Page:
“International on the whole is more expensive than pre-pandemic and more expensive than last year,” Berg said.
Some regions are seeing much steeper increases than others.
The region that will really break the bank? Asia Pacific.
“Prices are absolutely exploding and will continue to explode until capacity really ramps back up there,” Berg said.
Demand is high for the last region to widely lift Covid restrictions and throw open its doors to international visitors. Compared with 2019, Asia fares are about 50% higher, sometimes more, Berg said, while Europe is about 15% higher.
Pent-up demand for Asian destinations means a flood of bookings now that they’re fully open. Bookings from the United Kingdom through Flight Centre UK to Malaysia and Vietnam are up by more than 2,200% from early last year when both countries were still closed to international tourists.
Flight Centre UK’s data show a 25% increase in economy fares to Vietnam year over year. It’s the cheapest of the company’s most popular destinations in Asia. Fares to Thailand are up 50%.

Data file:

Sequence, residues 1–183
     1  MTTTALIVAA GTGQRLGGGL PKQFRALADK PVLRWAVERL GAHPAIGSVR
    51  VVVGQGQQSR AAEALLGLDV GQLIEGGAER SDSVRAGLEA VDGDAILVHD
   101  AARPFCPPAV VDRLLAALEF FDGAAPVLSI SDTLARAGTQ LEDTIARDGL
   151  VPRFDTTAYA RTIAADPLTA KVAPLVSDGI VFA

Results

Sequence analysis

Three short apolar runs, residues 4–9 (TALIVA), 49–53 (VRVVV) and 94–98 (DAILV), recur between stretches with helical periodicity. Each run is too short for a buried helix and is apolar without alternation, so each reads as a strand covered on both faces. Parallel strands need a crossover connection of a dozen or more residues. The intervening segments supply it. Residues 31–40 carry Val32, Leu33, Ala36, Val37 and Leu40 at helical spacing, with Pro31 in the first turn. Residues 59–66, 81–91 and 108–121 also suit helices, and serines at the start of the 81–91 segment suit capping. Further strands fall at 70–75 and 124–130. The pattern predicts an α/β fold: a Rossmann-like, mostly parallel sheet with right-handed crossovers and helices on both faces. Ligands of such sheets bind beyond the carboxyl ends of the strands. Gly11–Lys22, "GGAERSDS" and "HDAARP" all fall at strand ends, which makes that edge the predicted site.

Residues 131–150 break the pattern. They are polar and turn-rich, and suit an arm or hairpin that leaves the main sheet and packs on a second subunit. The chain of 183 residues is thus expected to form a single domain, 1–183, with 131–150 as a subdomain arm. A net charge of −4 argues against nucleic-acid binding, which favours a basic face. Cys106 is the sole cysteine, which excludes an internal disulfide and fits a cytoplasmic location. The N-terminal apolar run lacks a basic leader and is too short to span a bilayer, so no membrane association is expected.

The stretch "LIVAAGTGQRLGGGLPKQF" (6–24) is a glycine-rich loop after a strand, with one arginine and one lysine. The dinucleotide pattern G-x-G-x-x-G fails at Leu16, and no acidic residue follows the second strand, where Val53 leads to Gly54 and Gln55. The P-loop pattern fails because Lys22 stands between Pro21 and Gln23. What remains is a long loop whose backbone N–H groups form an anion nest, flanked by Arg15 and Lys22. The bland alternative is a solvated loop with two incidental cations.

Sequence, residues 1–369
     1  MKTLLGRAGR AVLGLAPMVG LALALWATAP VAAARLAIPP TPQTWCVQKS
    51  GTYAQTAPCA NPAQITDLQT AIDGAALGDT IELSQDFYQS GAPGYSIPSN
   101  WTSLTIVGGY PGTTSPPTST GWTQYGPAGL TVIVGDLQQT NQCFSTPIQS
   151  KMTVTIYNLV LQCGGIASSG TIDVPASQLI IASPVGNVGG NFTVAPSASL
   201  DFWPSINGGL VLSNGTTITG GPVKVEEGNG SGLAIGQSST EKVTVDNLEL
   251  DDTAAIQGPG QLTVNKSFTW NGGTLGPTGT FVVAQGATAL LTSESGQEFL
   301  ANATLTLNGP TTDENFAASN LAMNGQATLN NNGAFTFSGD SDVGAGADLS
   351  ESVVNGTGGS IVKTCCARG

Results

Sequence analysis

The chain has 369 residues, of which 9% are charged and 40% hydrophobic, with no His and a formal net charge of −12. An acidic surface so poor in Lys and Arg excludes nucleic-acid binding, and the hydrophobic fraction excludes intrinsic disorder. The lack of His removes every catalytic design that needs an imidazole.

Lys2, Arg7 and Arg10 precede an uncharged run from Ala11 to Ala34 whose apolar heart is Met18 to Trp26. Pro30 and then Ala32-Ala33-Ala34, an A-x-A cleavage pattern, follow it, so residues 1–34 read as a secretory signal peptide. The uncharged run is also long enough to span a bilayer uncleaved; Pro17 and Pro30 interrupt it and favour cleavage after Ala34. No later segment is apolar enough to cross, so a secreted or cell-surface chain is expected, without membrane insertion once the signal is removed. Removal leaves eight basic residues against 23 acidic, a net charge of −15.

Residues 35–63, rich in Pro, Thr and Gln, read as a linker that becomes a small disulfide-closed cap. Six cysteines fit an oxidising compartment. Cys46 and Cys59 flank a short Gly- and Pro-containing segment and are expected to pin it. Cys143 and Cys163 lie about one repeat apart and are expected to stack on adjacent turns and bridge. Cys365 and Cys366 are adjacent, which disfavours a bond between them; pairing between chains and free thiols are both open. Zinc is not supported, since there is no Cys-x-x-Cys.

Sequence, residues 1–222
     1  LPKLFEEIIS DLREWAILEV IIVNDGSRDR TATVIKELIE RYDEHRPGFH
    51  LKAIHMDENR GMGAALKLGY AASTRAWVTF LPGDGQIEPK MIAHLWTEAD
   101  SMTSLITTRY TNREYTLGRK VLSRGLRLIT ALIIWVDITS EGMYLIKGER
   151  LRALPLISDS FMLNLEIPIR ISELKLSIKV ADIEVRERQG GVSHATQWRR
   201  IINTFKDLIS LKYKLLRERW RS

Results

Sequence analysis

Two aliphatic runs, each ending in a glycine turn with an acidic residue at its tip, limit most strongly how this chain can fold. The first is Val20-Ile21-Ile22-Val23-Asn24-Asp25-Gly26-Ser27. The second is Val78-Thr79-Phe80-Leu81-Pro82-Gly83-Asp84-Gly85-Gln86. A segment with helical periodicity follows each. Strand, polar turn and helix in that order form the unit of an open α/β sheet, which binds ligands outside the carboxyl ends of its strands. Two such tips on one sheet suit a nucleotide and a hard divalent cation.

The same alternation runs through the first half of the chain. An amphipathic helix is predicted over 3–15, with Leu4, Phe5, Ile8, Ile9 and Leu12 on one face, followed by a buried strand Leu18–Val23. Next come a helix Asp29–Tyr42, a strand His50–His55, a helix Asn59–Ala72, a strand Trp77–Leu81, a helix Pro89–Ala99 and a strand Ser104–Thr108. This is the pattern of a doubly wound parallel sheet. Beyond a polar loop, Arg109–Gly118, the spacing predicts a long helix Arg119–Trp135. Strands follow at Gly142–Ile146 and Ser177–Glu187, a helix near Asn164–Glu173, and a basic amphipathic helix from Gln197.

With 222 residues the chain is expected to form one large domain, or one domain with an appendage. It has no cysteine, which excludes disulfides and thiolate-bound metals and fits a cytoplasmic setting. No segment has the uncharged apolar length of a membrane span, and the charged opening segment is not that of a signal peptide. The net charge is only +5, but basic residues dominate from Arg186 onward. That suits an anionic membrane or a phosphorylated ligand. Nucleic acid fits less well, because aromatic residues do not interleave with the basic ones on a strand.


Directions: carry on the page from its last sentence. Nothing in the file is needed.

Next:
The highest fare increase year over year, according to Flight Centre UK? Fares to New Zealand, which was also closed this time last year, are up 81%.
In the good news column, “there are definitely more deals this year,” said Scott Keyes, founder of travel site Going, formerly Scott’s Cheap Flights.
Europe (especially Portugal and Ireland), Hawaii and Florida have been “cheap flight standouts” over the past few years, he said.
When it comes to international fares, he suggests what he’s calling the “Greek island trick.”
If you have your heart set on Santorini, consider booking your international leg to Athens, where deals from US cities can drop below $500, and find a more affordable regional flight or ferry on to the island.
“By splitting up the trip from a single itinerary into two itineraries, you can save $1,000 or more on a big international trip, whether you’re traveling to the Greek Islands or anywhere far flung,” he said.